The Human Cell
Cells are the basic building blocks of living things and they provide structure for the body, take in nutrients from food, and convert those nutrients into energy. Cells can make copies of themselves and they contain the body’s hereditary material.
Cells group together to form tissues; tissues group together to form organs like the kidney and brain; organs group together to form systems like the digestive and respiratory systems; the systems make up the human body.
Cells have many parts, each with a different function. Some of these parts, called organelles, are specialized structures that perform certain tasks within the cell such as processing chemicals, generating energy for the cell, and making proteins. Just as the human body has its systems, the cell has its systems such as the digestive, respiratory, and excretory systems.
The human cell has a number of major parts which include:
- Cytoskeleton: The cytoskeleton is a network of long fibers that make up the cell’s structural framework. It has several significant functions including determining cell shape, participating in cell division, and allowing cells to move. It also provides a track-like system that directs the movement of organelles and other substances within cells.
- Ribosomes: These are organelles that process the cell’s genetic instructions to create proteins.
- Nucleus: The nucleus serves as the cell’s command centre, sending directions to the cell to grow, mature, divide, or die. It houses DNA (deoxyribonucleic acid), the cell’s hereditary material. The nucleus is surrounded by a membrane called the nuclear envelope, which protects the DNA and separates the nucleus from the rest of the cell. The genome (an organism’s complete set of genetic instructions) is found in the nucleus.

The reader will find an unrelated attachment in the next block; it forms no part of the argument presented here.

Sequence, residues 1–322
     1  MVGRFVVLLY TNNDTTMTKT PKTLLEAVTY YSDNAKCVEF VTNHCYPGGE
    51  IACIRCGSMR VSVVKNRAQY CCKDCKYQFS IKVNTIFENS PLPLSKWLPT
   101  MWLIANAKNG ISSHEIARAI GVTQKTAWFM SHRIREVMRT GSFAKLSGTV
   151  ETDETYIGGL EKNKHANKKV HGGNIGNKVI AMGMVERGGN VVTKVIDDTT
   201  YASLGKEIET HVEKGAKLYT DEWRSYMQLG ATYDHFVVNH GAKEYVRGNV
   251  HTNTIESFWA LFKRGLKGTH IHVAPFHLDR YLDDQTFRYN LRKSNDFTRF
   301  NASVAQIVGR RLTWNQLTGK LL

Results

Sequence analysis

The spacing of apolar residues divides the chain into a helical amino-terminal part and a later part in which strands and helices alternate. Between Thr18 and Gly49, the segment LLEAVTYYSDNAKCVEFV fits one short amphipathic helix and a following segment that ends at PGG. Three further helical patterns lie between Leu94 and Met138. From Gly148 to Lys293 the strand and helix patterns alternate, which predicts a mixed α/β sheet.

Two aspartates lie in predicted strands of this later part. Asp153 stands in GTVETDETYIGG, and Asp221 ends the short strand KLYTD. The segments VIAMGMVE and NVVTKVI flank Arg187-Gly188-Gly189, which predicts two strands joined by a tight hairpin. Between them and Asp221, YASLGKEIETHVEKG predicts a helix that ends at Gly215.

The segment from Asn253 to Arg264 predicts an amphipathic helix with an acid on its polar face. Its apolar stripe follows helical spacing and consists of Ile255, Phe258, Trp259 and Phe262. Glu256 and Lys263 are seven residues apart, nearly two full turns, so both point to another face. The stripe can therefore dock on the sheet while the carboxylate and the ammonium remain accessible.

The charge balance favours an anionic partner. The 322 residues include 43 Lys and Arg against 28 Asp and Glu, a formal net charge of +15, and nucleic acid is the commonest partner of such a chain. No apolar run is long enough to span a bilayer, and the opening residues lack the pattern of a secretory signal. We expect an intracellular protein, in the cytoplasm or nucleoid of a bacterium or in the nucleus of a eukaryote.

- Mitochondria: These are complex organelles that convert energy from food into a form that the cell can use. They have their own genetic material separate from the DNA in the nucleus and can make copies of themselves.
The body consists of trillions of cells and these cells require constant nourishment for rebuilding. Rebuilding and replacement of cells are constantly taking place. When you fail to provide the cells what they need and the cells are not cleansed of toxic materials, weaker cells end up replacing strong cells. If this goes on progressively, it can lead to illness and ultimately, an untimely death.
People are quick to attribute illness to old age, heredity, and “the will of God.” Failing to provide the cells of the body with adequate and proper nutrition does lead to sickness. What is crucial for the replenishment of cells so that new cells are as strong or stronger than those they are replacing? Proper and adequate nutrition. Know this: With your diet and lifestyle you can pollute your body so much that your cells drown in pollutants.
If your cells are healthy, your entire body will be healthy.